Proud Products of Texas Public Schools
Lady Bird Johnson
Graduate of Marshall High School
Claudia Alta Taylor, born in Karnack, Texas, on December 22, 1912, was termed at an early age by a nursemaid to be as “pretty as a lady bird,” and thus began the name she would be known as thereafter.
Lady Bird graduated with honors from Marshall High School in 1928. She received a bachelor of arts degree from The University of Texas in 1933 with a major in history. She earned a journalism degree in 1934.
After a whirlwind courtship, Claudia Alta Taylor and Lyndon Baines Johnson were married on November 17, 1934. The Johnsons had two daughters: Lynda Bird and Luci Baines.
During her White House years, Mrs. Johnson served as honorary chair of the National Head Start Program, a program for underprivileged preschool children. In 1977, President Gerald Ford presented Johnson with this country’s highest civilian award, the Medal of Freedom. Johnson received the Congressional Gold Medal from President Ronald Reagan in 1988.
In January 1971, Lady Bird was appointed to a six-year term as a member of The University of Texas System Board of Regents. She is a life member of The University of Texas Ex-Student Association and has been a member of the International Conference Steering Committee (1981-82) and The University of Texas Centennial Commission.
First and foremost, Lady Bird Johnson is an environmentalist, and she has been an active worker on innumerable projects. In Washington, she enlisted the aid of friends to plant thousands of tulips and daffodils, which still delight visitors to our nation’s capital. The Highway Beautification Act of 1965 was the result of her national campaign for beautification.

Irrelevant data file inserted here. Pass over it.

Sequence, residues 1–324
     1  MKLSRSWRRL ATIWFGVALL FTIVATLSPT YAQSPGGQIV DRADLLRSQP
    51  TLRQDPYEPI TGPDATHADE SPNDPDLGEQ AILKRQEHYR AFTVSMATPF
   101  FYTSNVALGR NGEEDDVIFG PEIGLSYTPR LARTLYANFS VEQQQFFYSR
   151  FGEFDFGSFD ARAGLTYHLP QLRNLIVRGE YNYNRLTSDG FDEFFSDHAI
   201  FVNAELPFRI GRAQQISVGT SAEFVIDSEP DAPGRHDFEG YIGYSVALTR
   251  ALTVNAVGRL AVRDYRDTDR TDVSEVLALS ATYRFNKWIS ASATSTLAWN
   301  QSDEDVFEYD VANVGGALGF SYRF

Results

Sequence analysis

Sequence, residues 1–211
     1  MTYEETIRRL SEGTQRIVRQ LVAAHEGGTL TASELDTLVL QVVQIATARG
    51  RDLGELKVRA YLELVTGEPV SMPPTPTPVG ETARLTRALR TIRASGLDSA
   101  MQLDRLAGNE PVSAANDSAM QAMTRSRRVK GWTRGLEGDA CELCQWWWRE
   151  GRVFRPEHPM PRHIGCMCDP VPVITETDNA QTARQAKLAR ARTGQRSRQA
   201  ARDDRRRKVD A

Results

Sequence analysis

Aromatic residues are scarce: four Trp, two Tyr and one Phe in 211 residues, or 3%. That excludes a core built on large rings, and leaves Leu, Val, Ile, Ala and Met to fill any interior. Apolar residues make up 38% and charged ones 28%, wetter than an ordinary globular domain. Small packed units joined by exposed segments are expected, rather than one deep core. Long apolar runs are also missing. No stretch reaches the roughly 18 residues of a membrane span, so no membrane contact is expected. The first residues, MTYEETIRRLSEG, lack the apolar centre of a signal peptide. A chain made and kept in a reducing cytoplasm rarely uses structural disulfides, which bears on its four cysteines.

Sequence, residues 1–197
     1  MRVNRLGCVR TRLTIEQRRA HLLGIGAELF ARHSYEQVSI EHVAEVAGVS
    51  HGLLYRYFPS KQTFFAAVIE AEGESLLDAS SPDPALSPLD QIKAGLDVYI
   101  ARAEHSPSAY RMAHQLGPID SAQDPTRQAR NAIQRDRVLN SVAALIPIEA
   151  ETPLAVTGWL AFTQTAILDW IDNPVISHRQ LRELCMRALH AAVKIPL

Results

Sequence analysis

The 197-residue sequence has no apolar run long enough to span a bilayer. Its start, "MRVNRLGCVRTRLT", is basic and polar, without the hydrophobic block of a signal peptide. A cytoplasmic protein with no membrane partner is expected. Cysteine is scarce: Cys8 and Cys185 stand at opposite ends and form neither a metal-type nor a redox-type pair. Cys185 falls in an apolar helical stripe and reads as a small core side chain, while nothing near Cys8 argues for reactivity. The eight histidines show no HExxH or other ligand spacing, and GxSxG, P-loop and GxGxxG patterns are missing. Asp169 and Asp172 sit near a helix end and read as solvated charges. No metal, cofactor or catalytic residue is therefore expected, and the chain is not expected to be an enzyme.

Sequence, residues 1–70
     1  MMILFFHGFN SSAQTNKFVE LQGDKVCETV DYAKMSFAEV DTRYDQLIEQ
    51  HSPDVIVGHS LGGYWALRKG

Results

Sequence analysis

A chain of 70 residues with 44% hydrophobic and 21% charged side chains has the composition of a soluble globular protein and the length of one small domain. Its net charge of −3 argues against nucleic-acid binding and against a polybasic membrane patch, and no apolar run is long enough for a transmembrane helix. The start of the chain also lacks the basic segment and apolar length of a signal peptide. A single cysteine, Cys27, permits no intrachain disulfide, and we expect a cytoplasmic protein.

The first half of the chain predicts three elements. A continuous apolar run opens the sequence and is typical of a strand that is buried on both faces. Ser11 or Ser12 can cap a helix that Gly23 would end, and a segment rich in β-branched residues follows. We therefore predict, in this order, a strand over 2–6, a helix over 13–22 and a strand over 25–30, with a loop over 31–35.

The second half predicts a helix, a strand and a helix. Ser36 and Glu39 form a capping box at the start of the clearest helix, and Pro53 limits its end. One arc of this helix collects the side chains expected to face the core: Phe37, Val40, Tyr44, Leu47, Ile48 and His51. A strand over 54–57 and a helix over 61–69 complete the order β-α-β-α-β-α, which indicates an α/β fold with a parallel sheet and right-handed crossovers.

Lady Bird was honorary chairman of the LBJ Memorial Grove on the Potomac in Washington, D.C. She also chaired the Town Lake Beautification Project, a community effort to create a hike and bike trail and to plant flowering trees along the Colorado River in Austin. She became a member of the National Park Service’s Advisory Board on National Parks, Historic Sites, Buildings, and Monuments in 1969 and served on the council for many years. In 1969, Mrs. Johnson founded the Texas Highway Beautification Awards, and for the next 20 years, she hosted the annual awards ceremonies and presented her personal checks to the winners. She is a trustee of the American Conservation Association.
On her 70th birthday in 1982, Lady Bird founded the National Wildflower Research Center, a nonprofit environmental organization dedicated to the preservation and reestablishment of native plants in natural and planned landscapes. She donated 60 acres of land and a sum of money to establish the center.
In December 1972, President and Mrs. Johnson gave the LBJ Ranch house and surrounding property to the people of the United States as a national historic site, retaining a life estate in the Ranch. Mrs. Johnson continues to live at the Ranch in Stonewall, Texas, and she also has a house in Austin.
“Become so wrapped up in something that you forget to be afraid.”
—Lady Bird Johnson